A crowd of hundreds that had gathered to commemorate Brown began their silence at 12:02 p.m., the time he was killed, and the length of time was to symbolize the 4 hours that his body lay in the street after he was killed. Two doves were released at the end.
A march was to start at the site where Brown, who was black and unarmed, was fatally shot by Ferguson officer Darren Wilson on Aug. 9, 2014. A grand jury and the U.S. Department of Justice declined to prosecute Wilson, who resigned in November, but the shooting touched off a national "Black Lives Matter" movement.
A service commemorating the anniversary was also planned at a Ferguson church, among several events this weekend in Ferguson and nearby St. Louis.
In Brooklyn, a sea of people laid down motionless on a pavement to mark the anniversary.
Demonstrators maintained their silence on Sunday for a few moments before rising and joining others marching from the Barclays Center arena into Manhattan for another rally later in the day.
Among those marching were a dozen people carrying a giant banner reading, "Black Lives Matter."
The death of Brown was among the catalysts of a national movement calling for change in the relationships between police and minority communities.
Another of the catalysts was the death of Staten Island resident Eric Garner, a black man who died in July of last year after being restrained by a police officer.
Brown's father, Michael Brown Sr., led a parade involving several hundred people on Saturday. Brown said his family is still grieving, but he believes his son's legacy can be seen in the increased awareness of police shootings, and renewed skepticism when officers describe their side of events leading up to those shootings.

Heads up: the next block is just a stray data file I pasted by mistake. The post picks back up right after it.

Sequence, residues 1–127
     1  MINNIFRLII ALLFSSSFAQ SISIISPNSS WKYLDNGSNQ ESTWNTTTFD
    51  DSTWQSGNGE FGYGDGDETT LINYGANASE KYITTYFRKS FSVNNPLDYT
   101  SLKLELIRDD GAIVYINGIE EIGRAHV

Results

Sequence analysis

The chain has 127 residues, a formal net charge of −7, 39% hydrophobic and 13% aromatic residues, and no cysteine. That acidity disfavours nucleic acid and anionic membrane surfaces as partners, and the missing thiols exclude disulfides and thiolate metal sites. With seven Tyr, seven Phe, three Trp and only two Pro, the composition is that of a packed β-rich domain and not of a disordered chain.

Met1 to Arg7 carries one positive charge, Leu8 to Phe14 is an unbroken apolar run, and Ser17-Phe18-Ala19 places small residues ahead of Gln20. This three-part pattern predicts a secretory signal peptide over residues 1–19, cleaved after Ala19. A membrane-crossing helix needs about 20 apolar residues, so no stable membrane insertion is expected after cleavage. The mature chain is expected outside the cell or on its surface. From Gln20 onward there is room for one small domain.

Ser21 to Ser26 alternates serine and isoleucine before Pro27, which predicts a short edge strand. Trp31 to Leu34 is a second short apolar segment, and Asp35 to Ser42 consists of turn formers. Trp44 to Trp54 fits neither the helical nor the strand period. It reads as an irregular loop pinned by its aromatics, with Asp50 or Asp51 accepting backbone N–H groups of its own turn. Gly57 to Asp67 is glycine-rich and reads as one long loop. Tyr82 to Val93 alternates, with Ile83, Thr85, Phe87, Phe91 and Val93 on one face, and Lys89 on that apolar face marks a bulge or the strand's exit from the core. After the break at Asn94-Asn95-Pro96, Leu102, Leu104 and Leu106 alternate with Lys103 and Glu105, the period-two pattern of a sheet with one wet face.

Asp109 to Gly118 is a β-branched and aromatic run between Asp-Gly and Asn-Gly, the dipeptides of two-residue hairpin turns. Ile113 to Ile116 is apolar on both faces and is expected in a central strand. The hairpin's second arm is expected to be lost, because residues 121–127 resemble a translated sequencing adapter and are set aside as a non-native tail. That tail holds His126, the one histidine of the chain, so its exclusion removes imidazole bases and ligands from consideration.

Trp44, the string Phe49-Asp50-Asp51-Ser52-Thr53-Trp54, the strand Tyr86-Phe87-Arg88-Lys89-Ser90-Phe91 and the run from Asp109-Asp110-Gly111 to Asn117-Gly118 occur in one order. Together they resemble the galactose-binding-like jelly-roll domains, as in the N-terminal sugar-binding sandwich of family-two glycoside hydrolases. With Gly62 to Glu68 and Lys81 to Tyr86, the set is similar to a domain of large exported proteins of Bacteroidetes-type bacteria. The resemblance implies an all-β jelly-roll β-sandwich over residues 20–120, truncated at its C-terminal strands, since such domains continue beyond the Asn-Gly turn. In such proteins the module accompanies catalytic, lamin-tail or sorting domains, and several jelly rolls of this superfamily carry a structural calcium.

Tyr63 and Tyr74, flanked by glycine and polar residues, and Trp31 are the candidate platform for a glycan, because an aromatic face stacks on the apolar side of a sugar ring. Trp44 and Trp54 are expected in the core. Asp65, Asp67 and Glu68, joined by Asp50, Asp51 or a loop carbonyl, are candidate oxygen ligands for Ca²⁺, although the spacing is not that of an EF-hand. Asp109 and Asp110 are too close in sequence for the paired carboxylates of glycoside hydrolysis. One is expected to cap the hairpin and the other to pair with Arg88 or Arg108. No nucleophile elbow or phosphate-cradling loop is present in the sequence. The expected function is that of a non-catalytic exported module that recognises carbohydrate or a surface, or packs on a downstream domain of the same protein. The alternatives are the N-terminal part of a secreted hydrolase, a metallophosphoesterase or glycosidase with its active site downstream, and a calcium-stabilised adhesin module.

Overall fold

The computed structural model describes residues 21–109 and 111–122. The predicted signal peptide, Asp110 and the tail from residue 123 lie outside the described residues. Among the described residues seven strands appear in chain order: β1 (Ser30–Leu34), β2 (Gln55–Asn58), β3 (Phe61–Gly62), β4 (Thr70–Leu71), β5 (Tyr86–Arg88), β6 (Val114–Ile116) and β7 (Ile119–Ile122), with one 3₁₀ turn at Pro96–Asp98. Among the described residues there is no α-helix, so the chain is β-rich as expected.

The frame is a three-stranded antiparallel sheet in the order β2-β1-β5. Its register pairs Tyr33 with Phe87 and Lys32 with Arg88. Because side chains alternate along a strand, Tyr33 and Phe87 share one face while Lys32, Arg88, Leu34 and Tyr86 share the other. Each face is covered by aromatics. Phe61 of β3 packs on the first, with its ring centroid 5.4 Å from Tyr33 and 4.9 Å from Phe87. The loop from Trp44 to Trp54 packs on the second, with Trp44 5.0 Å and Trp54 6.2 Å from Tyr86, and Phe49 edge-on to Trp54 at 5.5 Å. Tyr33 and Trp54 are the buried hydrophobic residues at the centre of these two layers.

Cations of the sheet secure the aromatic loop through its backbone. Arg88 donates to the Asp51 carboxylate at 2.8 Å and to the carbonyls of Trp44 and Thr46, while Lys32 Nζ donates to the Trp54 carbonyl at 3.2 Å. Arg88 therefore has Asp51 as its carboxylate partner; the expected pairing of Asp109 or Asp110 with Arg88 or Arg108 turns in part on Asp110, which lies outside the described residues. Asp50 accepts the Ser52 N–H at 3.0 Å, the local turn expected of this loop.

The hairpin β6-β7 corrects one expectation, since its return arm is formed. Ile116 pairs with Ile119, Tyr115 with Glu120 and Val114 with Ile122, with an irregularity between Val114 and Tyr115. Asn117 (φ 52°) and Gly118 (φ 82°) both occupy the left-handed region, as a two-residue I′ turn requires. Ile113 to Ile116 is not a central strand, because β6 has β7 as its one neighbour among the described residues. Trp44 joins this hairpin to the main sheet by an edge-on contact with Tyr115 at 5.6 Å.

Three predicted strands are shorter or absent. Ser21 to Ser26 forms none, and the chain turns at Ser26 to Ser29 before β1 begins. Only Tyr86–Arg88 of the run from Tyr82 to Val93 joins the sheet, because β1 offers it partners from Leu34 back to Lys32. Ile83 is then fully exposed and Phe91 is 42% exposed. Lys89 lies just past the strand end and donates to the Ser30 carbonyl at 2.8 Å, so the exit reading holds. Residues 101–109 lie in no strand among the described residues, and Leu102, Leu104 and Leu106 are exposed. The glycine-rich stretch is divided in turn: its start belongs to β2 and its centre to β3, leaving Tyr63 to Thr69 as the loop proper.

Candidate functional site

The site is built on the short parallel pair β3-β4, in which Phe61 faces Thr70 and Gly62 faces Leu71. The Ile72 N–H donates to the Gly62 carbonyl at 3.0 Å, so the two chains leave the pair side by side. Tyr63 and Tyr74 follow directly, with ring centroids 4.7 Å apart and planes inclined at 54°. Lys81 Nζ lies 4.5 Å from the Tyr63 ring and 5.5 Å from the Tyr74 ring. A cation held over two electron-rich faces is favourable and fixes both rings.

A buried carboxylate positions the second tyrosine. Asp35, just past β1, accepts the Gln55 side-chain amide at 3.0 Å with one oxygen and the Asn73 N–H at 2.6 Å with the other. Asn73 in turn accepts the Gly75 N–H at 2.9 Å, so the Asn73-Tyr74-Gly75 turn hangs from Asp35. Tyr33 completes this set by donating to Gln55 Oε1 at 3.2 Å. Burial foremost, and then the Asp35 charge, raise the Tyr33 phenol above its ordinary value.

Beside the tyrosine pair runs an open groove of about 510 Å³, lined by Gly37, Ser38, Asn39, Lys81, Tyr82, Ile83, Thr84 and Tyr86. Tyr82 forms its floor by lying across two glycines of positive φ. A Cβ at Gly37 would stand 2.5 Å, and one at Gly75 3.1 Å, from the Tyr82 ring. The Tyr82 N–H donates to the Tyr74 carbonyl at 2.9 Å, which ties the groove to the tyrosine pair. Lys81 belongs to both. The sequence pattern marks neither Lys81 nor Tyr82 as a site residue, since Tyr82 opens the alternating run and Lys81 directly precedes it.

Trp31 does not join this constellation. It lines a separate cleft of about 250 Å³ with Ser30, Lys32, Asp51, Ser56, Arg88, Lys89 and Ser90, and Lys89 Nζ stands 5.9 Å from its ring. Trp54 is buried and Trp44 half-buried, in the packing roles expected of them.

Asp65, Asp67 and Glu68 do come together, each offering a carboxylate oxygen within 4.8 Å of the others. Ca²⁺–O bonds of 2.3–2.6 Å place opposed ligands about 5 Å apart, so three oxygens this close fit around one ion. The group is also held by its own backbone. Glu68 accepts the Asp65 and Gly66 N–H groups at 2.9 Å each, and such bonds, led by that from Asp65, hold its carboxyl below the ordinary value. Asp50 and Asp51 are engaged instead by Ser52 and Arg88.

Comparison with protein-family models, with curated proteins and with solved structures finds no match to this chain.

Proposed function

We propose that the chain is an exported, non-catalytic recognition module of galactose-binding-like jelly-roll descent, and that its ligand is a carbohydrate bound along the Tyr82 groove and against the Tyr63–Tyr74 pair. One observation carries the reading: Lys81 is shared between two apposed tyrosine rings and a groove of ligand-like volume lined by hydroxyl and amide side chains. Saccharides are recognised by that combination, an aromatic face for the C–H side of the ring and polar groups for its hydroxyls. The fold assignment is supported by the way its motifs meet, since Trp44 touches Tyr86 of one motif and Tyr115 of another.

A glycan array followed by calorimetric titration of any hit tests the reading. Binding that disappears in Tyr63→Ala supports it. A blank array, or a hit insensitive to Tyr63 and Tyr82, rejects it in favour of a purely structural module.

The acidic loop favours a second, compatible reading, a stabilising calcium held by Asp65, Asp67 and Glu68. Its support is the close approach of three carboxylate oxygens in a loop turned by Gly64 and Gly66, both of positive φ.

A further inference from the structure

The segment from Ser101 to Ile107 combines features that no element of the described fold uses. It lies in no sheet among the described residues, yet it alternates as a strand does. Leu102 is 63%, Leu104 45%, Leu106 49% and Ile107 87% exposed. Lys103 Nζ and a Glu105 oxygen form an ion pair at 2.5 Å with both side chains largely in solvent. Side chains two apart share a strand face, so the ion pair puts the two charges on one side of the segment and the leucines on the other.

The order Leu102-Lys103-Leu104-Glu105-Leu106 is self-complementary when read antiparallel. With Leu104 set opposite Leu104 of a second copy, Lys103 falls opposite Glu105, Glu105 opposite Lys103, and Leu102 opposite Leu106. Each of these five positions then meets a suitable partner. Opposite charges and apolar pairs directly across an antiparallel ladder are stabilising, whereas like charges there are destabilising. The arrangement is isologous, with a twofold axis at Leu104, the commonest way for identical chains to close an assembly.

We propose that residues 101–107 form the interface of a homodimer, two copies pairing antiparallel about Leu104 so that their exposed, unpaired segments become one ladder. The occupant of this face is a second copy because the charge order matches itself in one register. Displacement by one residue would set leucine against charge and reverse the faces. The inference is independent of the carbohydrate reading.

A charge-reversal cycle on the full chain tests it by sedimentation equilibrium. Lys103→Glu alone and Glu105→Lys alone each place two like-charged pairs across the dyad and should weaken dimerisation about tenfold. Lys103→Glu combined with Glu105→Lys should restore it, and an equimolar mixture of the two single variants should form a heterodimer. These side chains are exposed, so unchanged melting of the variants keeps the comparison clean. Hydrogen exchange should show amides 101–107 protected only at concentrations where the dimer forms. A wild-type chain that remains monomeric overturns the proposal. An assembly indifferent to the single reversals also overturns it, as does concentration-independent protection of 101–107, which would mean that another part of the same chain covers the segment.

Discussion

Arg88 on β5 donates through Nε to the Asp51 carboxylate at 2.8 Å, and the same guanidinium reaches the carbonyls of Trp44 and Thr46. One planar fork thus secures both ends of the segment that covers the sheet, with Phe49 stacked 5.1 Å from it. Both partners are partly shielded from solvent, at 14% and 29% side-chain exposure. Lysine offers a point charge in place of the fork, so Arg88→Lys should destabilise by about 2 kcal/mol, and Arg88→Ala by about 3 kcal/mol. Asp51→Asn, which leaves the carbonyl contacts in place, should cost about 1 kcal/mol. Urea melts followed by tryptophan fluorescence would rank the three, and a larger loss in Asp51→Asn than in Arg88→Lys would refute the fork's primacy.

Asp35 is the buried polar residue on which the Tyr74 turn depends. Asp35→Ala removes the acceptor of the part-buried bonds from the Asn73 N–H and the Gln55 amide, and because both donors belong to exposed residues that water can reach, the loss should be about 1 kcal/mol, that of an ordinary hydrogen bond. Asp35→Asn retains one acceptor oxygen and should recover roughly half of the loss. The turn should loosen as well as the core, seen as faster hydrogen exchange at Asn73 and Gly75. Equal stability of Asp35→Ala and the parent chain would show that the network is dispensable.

Some people who marched in the Saturday parade wore T-shirts with likenesses of Brown or messages such as "Please stop killing us" or "Hands up! Don't shoot!" which became a rallying cry during the sometimes-violent protests that followed the shooting a year ago. Some carried signs or wore shirts commemorating others who have been killed in confrontations with police.
But the focus of the weekend is largely on Brown, who graduated from high school weeks before the shooting and planned to go to trade school to study to become a heating and air conditioning technician.
Relatives and friends described Brown as a quiet, gentle giant who stood around 6-foot-3 and weighed nearly 300 pounds. But police said Brown stole items from a convenience store and shoved the owner who tried to stop him on the morning of Aug. 9, 2014. Moments later, he and a friend were walking on Canfield Drive when Wilson, who is white, told them to move to the sidewalk.
That led to a confrontation inside Wilson's police car. It spilled outside, and Wilson claimed that Brown came at him, menacingly, leading to the fatal shooting. Some witnesses claimed Brown had his hands up in surrender. Federal officials concluded there was no evidence to disprove testimony by Wilson that he feared for his safety, nor was there reliable evidence that Brown had his hands up in surrender when he was shot.
The shooting led to protests, some violent, and the unrest escalated again in November when a St. Louis County grand jury determined that Wilson did nothing wrong. He resigned days later. The November riots included fires that burned more than a dozen businesses.
The Justice Department reached the same conclusion in March, clearing Wilson. But in a separate report, the Justice Department cited racial bias and profiling in policing as well as a profit-driven municipal court system that often targeted black residents, who make up about two-thirds of Ferguson's populace.
Ferguson's city manager, police chief and municipal judge resigned within days of that report. All three were white. The new judge, interim city manager and interim police chief are all black.